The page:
The new law, which takes effect immediately, "clarifies the current requirement that a person reasonably believe the law enforcement officer is acting unlawfully," Daniels said, and adds a new requirement that the force "must be reasonably necessary to prevent serious bodily injury to the citizen."
Unless the citizen is convinced that the officer acted unlawfully, "he cannot use any force of any kind."
"In the real world," Daniels said, "there will almost never be a situation in which these extremely narrow conditions are met."
Still, the fears that some people may perceive the law as a license to defy police are strong enough that the Indiana State Police followed up Daniels' statement with its own.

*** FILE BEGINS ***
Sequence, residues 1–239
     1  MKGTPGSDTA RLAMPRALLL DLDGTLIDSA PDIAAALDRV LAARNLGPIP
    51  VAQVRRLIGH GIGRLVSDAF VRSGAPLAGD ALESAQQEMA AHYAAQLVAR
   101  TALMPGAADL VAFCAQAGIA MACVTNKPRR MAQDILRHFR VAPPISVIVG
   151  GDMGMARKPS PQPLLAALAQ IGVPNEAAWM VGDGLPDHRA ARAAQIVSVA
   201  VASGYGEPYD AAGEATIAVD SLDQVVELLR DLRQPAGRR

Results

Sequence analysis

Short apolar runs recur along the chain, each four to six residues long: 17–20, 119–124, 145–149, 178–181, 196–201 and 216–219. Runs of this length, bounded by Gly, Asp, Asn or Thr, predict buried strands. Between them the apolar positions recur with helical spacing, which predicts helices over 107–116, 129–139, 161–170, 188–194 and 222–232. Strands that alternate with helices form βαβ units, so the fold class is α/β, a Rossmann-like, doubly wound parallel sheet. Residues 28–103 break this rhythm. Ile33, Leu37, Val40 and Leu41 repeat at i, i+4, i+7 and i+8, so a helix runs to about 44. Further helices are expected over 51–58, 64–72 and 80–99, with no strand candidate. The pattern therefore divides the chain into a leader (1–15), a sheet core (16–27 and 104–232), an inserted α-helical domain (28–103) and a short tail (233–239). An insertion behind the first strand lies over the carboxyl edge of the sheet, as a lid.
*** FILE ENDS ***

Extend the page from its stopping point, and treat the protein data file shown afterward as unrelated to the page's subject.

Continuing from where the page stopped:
"This law may be misunderstood by the public," State Police Capt. Dave Bursten said. "My biggest fear is a homeowner, in the heat of the moment, will think an officer is entering their home illegally, when in fact the officer has every legal right to enter the home. . . . The bottom line is rash decisions can have devastating, life-altering consequences."
Read More | "Indiana's new 'right to resist' law worries police" | Mary Beth Schneider | ?The Indianapolis Star